Canberra, Nov 6 : Australia batsman Steve Smith, who guided his side to a seven-wicket victory over Pakistan in the second Twenty20 International on Tuesday, with an unbeaten 80, is determined to better his record in the shortest format of the game.
After the first T20I was washed out in Sydney, the hosts convincingly chased down 151 in the second game in Canberra with nine balls to spare and took a 1-0 lead in the three-match series. Smith was the architect of Australia's chase as he raced to his fourth fifty in T20Is, and finished on a 51-ball 80 not out, a knock that included 11 hits to the fence and one over it.
Smith is one of the best batsmen in the world, particularly in Tests, but his record in T20Is doesn't match his exploits in other formats. He averages just 27.48 in 35 matches, but that can be attributed to the fact that he initially was a leg-spinner and batted lower down the order. In fact, after his move up the order in late 2015, Smith averages 48.57 at No.3, an ICC report on Wednesday said.
"If you look at my batting record in T20 internationals, it's not crash hot," Smith said. "I guess you have to bear in mind ... (early in my career) I was batting No.8 or 9, coming in and slogging, facing half a dozen balls tops. It's never easy, so it's going to affect your record at some point."
"I don't doubt my ability. I know the tempos of the game. I've played a lot of T20 cricket now. I may not be as strong as some of the other guys, but I use placement and timing," he said. Nicknamed 'Mr. Fix it' in the Australian side, the 30-year-old takes his problem-solving role very seriously.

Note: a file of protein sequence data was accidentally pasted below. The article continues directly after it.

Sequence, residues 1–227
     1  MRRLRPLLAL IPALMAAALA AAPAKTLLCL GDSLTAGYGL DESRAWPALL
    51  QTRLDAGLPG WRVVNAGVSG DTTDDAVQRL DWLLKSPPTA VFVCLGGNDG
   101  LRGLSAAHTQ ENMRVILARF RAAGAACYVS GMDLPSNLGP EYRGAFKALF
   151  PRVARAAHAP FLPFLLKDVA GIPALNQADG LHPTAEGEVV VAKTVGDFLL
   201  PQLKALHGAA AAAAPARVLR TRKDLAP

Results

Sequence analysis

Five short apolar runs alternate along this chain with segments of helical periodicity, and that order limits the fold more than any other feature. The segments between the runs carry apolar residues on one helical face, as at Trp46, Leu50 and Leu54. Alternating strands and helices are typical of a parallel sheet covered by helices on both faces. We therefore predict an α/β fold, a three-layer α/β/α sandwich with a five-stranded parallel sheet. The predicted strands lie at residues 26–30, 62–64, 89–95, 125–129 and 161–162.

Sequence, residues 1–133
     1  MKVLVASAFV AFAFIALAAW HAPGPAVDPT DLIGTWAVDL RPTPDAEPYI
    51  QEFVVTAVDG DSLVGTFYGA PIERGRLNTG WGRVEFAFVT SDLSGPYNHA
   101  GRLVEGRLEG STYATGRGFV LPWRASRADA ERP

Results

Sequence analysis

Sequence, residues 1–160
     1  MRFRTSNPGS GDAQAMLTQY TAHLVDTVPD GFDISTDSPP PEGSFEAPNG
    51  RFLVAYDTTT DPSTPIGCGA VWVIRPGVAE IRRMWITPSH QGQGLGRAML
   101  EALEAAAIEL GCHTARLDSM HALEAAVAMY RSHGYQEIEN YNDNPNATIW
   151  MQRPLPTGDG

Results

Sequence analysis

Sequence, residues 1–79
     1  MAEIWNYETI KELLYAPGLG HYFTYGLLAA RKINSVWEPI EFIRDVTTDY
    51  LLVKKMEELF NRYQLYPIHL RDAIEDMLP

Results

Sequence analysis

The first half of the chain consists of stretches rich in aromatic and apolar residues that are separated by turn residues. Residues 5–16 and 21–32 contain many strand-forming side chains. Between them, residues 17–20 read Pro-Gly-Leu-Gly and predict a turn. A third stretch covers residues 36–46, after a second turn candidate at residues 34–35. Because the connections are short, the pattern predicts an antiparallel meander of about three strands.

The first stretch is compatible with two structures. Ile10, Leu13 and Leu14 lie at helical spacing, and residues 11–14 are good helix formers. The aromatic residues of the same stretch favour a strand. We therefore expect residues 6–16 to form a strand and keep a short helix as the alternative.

"If you're chasing, you weigh up the situation and what you need and what rate you need to go at, which bowlers you want to target and just work out the math in your head, and that's chasing," Smith explained.
"Batting first you have to sum up conditions, and how the wicket is playing, what you think a good score is, and who is in the opposition ... all those sorts of things. I've played a lot of cricket now, I'm pretty experienced, and my role in this team is to fix it if the top don't come off."
Smith's team-mates know his value. Left-arm spinner Ashton Agar, who witnessed Smith's innings in Canberra from the dug-out, was in awe of him. "Consistently, guys are turning to each other going, 'how the hell does he do that?
How does he play that shot?'," Agar told media channel. "He's totally obsessed with batting and people call him crazy or special or whatever it may be, but he gets the job done every single time and that's when you're a great player."
Australia and Pakistan play the third and final T20I on Friday in Perth. (UNI)